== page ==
Language of the Week: Week Twelve - Pitta Pitta

Welcome to Week Twelve of the A-Z of Queensland Aboriginal and Torres Strait Islander languages!

This week's language of the week is Pitta Pitta, a language spoken in North-West Queensland, particularly in the Boulia district extending north towards Mt Isa. Pitta Pitta is also known as Bitta Bitta, Bitha Bitha, Pitapita, etc. - linguistically, Blake believes Ringu-Ringu, Mayawarli, Kunkalanya, Ngulupulu, Karanya, and Rakaya are related dialects with many shared words.

Western Queensland Languages,Breen (1990).

The above map from Breen (1990) shows the location of Pitta Pitta and neighbouring languages. Breen and Blake have undertaken recent linguistic work in the region, while there are historical wordlists from the 1870's. Pitta Pitta is considered endangered with minimal speakers; however, it is undergoing a revival process by Traditional Owners to bring it back to life in the community and ensure language knowledge is passed onto future generations. The North-West Queensland region was marked by frontier violence with the Burke River Native Mounted Police stationed just outside Boulia. The officer in command was Ernest Eglington and with the assistance of local pastoralists, the group were responsible for several massacres in the region. 

Curr No 104 Bitta Bitta Tribe, Boulia (1887).

Eglington, who later became a Police Magistrate, also provided the above wordlist to Curr who included the text in his 1887 publication The Australian Race. The full list contains ~112 everyday words from Pitta Pitta, mainly words relating to parts of the body, animals, family terms, landscape and artefacts. As per many of Curr's wordlists, the informant is not identified.

Extract of Pitta Pitta wordlist, Blake (1981).

Blake and Breen provide the most comprehensive studies of Pitta Pitta with an extended vocabulary and basic grammar. In 2013, Desert Channels Queensland Inc at Longreach undertook a language project with traditional owners to map the the languages of the Lake Eyre Basin, with the outcome being the publication of several pictorial dictionaries, including a Pitta Pitta Dictionary based on the work of Blake and Breen. The State Library collections hold publications by Blake, Breen and Desert Channels.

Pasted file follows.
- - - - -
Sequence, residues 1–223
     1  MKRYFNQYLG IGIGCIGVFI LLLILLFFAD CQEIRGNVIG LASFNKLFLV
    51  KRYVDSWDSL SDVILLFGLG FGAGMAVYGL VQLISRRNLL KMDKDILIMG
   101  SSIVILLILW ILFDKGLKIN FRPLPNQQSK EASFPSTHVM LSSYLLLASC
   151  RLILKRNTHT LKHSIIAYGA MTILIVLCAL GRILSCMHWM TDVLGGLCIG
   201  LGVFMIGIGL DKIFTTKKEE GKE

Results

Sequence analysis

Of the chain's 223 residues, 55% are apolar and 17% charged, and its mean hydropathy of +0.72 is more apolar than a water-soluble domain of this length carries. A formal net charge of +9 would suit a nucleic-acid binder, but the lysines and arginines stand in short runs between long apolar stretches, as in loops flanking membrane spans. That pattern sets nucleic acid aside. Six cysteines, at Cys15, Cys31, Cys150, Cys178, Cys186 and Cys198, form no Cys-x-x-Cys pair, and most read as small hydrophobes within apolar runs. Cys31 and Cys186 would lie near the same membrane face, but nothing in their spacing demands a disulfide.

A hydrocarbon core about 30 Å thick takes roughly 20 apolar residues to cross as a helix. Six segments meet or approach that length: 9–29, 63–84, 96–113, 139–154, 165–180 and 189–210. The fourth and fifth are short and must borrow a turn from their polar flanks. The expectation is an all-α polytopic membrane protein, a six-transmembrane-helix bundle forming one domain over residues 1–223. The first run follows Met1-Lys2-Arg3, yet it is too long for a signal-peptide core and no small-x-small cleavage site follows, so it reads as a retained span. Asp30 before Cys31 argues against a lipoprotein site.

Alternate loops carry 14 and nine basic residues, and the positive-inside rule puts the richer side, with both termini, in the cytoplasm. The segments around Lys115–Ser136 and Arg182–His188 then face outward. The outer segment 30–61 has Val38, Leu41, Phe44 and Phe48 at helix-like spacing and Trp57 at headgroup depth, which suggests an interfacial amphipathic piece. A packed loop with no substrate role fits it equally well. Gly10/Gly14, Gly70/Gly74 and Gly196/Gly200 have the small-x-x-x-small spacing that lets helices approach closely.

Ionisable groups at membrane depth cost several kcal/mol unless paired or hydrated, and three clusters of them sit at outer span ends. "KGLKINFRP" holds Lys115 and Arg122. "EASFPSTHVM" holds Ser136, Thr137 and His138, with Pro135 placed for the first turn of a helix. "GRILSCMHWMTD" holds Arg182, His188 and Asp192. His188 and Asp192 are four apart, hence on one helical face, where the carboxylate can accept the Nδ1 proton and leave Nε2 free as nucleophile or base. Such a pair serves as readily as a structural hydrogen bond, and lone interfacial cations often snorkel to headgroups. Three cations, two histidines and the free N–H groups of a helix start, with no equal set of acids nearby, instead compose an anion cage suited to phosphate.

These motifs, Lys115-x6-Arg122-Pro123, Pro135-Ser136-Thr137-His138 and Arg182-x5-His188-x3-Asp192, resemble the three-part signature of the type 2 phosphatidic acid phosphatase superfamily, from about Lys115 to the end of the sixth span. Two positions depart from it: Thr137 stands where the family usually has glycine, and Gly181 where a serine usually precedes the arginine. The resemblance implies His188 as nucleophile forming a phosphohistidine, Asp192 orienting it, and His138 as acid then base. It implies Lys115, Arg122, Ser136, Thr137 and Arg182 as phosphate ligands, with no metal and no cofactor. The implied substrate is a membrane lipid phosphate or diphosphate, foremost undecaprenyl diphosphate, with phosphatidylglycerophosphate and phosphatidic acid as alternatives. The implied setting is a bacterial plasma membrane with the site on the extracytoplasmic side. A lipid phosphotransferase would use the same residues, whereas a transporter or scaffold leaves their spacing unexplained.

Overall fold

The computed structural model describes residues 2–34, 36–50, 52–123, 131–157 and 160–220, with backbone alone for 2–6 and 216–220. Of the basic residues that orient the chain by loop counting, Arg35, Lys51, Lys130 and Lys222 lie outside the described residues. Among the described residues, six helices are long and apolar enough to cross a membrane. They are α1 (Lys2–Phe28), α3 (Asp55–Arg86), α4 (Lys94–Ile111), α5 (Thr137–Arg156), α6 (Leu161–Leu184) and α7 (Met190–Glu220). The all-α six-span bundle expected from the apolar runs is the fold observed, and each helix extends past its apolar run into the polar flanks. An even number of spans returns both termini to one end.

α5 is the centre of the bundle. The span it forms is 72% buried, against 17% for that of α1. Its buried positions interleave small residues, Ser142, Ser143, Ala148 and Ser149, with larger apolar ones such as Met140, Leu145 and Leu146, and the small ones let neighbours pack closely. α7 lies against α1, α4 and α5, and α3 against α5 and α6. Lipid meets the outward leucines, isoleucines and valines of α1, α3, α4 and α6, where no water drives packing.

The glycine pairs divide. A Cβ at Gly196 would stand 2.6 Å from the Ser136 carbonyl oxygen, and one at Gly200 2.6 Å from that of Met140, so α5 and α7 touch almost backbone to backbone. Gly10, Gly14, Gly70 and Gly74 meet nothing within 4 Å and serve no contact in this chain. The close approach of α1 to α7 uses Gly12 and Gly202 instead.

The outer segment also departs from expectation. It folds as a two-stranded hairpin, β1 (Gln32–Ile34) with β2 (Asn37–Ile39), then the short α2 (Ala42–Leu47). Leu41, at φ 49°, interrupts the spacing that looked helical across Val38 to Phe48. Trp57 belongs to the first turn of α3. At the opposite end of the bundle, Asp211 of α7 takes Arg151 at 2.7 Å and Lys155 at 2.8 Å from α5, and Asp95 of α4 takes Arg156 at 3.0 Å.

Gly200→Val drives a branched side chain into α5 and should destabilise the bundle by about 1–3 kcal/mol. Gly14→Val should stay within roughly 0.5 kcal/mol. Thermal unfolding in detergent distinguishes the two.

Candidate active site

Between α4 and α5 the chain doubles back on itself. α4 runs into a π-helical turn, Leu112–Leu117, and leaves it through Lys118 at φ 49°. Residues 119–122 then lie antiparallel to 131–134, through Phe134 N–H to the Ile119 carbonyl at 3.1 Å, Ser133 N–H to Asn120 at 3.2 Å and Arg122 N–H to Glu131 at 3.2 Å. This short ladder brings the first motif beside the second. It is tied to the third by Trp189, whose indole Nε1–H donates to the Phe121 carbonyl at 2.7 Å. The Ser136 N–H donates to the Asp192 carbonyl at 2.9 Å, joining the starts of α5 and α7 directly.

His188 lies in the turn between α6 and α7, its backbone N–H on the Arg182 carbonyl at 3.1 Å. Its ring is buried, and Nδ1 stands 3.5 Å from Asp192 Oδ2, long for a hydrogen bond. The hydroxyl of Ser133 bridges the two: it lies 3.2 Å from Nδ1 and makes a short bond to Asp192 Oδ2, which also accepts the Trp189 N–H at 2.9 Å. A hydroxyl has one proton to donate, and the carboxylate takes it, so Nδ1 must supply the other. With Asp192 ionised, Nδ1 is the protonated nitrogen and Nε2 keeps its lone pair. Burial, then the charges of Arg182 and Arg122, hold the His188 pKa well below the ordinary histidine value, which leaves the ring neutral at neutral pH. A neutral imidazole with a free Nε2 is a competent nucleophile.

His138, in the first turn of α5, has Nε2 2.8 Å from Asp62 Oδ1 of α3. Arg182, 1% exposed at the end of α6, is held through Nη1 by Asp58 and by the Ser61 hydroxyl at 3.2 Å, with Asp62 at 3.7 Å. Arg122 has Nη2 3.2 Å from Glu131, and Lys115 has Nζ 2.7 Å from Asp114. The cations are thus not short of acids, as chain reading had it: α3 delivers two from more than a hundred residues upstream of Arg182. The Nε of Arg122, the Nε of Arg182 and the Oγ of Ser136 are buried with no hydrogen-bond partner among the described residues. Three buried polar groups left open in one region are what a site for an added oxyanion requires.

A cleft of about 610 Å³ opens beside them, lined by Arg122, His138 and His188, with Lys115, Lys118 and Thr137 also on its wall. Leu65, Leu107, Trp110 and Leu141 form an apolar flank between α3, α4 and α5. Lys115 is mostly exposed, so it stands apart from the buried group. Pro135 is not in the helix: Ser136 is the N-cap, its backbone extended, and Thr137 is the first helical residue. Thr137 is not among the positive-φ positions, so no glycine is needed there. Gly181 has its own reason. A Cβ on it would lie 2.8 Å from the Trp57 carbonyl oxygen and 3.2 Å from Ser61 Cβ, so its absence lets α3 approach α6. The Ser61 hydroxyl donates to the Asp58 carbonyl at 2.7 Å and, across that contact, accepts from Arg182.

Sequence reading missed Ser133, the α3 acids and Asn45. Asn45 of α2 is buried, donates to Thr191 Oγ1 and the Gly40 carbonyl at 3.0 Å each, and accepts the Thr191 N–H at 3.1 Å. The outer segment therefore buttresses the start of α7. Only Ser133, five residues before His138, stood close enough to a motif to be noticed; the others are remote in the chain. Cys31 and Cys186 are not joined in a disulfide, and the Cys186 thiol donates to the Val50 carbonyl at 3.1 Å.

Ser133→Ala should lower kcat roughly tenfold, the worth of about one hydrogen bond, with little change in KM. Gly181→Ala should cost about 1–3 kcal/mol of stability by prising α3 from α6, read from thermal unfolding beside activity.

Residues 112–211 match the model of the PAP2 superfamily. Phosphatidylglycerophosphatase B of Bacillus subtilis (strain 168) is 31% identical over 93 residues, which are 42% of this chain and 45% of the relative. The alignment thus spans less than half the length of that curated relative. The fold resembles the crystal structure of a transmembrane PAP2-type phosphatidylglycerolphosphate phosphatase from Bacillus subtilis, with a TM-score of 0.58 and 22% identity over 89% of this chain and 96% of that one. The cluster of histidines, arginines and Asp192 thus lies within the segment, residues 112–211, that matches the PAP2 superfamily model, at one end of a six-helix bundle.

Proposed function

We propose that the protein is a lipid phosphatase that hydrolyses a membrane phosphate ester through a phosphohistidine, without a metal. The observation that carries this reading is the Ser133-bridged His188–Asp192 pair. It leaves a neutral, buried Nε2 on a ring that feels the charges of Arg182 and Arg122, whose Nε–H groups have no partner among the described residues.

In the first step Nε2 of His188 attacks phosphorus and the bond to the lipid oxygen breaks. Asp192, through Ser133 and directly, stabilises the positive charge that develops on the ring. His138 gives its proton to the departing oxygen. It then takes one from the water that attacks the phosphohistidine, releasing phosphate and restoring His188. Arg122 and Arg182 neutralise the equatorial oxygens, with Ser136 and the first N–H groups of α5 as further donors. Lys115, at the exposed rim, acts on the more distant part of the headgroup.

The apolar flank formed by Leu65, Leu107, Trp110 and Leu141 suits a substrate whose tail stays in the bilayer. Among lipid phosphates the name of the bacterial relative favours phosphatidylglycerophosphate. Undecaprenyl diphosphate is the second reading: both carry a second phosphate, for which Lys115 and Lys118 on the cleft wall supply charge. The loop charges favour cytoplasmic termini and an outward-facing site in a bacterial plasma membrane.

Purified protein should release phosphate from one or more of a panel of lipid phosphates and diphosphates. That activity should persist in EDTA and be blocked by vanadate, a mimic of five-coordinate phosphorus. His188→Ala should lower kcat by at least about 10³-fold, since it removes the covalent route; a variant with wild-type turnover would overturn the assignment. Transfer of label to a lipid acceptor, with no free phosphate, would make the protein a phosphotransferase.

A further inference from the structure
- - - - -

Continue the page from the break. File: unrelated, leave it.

Desert Channels Queensland resources.

On the State Library Spoken exhibition webpages, view a digital story from Central West Queensland featuring community members from neighbouring languages to Pitta Pitta sharing their language journeys.

 

Join State Library for next week's Language of the Week - Saibai from the Top Western Torres Strait!

 

Desmond Crump

Indigenous Languages Coordinator, State Library of Queensland

State Library of Queensland Aboriginal and Torres Strait Islander Languages Webpages

State Library of Queensland Aboriginal and Torres Strait Islander Languages Map

 

Spoken: Celebrating Queensland languages exhibition

Spoken Virtual Tour

Jarjum Stories exhibition

Minya Birran: What next for Indigenous Languages?

 

Images

Camel train in front of Fielding's general store in Boulia, Queensland. C. 1893. Negative number: 146128

Map of Western Queensland Languages, Breen (1990) J 499.15 BRE

Extract of No 104 Bitta Bitta Tribe, Boulia from Curr (1887).

Section of Pitta Pitta vocabulary from Blake, (1981).

Desert Channels Queensland language resources.

 

References and Further Reading

State Library collections have some material relating to Pitta Pitta; however, some of these are part of texts or items referring to Aboriginal languages of  North-West Queensland, particularly work undertaken by Barry Blake and Gavan Breen.

Relevant items in the collections include the following:

Blake, B.J. (1979) “Pitta-Pitta”. In Dixon, R. M. W. & Blake, B. (Eds), The handbook of Australian languages 1, 182-242. G 499.15 1979

Blake, B.J. (1991) Australian Aboriginal languages : a general introduction. 2nd Edn. J 499.15 BLA

Breen, J.G. (1990) Salvage Studies of Western Queensland Aboriginal Languages. Pacific Linguistics Series B – No. 105. Australian National University: Canberra. J499.15 BRE

Curr, E. M. (1887) The Australian Race: its origins, languages, customs, place of landing in Australia and the routes by which it spread itself over that continent. John Ferres Government Printer: Melbourne. RBF 572.994 cur

Desert Channels Queensland (2013) Pitta Pitta Pictorial Dictionary. JUVQ 499.9915 PIT

Oates, W. J. and Oates, L. (1970) A revised linguistic survey of AustraliaQ 499.15 OAT

Tindale, N. B. (1974) Aboriginal tribes of Australia: their terrain, environmental controls, distribution, limits and proper namesQ 994.0049915 tin

Comments

We welcome relevant, respectful comments.
Please read our Comment Policy before commenting.
We also welcome direct feedback via Contact Us.
You may also want to ask our librarians.

Be the first to write a comment